Education beyond the mesas: Hopi student involvement at Sherman Institute

Matthew Thomas Gilbert
Dept. of History, University of California, Riverside
July, 2006


Within the context of Hopi culture, my research examines the various aspects of Hopi student involvement at Sherman Institute from 1902 to 1929. Sherman Institute, an off-reservation Indian boarding school in Riverside, California, plays a significant role in Hopi and American history. In the early twentieth century, government officials routinely forced Hopi students to attend off-reservation boarding schools in order to assimilate Hopis into "mainstream" white society. By indoctrinating Hopi pupils with new ideas and practices based on "white" convictions and values, education at Sherman Institute both incorporated and ran contrary to Hopi culture.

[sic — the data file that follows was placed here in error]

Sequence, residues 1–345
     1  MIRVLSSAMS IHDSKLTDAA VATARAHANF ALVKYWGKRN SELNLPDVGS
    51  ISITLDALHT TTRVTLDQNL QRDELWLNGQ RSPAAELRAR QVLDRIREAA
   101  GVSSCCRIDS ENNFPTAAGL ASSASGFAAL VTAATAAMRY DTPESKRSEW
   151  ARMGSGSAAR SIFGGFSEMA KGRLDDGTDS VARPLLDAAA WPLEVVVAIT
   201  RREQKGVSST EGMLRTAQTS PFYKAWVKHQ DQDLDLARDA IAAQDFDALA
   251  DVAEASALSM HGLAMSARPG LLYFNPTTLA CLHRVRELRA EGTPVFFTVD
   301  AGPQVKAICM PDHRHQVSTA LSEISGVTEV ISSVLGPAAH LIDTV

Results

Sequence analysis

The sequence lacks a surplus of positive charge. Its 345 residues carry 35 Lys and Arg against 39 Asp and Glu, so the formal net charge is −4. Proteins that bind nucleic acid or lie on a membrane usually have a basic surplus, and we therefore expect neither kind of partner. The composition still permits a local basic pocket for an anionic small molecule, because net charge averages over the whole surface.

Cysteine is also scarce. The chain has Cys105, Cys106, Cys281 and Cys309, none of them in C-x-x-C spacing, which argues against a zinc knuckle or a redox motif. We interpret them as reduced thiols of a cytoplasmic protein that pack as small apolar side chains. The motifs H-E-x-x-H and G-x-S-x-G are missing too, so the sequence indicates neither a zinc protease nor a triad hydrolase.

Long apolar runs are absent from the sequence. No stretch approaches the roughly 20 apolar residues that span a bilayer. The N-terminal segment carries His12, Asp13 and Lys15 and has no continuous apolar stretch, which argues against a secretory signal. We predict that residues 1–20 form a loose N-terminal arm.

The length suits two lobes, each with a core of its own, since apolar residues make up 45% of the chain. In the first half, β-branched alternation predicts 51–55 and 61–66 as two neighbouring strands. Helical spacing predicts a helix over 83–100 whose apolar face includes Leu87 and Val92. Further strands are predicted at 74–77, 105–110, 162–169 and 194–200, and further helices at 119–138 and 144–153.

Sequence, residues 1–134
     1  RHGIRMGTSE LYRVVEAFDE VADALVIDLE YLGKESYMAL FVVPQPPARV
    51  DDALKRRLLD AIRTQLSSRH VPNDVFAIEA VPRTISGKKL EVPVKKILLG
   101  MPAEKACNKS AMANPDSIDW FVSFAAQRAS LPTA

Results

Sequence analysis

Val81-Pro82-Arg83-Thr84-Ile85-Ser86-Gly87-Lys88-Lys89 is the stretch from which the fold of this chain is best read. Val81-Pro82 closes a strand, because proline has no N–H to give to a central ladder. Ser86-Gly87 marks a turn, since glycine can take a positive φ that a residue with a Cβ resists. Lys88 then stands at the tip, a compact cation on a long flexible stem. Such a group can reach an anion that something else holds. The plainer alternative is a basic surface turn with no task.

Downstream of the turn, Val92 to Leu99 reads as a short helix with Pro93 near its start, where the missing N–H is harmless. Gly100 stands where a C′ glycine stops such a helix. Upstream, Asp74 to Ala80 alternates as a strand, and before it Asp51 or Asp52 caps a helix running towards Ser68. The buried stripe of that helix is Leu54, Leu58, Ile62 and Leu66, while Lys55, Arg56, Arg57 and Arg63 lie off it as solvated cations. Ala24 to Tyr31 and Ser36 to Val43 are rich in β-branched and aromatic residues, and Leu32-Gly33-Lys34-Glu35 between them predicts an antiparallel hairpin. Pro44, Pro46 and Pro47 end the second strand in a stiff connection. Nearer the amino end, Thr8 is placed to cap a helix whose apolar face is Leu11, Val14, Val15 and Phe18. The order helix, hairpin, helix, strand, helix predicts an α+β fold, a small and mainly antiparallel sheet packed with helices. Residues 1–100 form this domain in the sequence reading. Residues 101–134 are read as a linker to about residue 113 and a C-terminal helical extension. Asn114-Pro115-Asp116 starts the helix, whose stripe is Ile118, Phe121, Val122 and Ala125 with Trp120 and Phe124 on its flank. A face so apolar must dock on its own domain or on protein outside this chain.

However, in spite of cultural tensions, Hopis made considerable advancements and contributions in both school and community. In academics, sports, agricultural, art, music and domestic and industrial training, Hopis excelled at the school and quickly adapted to a new and foreign environment that did not resemble their own. For many Hopis, their boarding school experience at Sherman held various layers of meaning. Like other Indian pupils who attended government schools in the early twentieth century, the Hopi experience at Sherman was neither entirely negative, nor completely positive. While this work exposes the cruel realities Hopis endured at Sherman, it also demonstrate positive consequences that resulted when Hopis attended the school and returned to the reservation with knowledge that contributed to their tribe and community.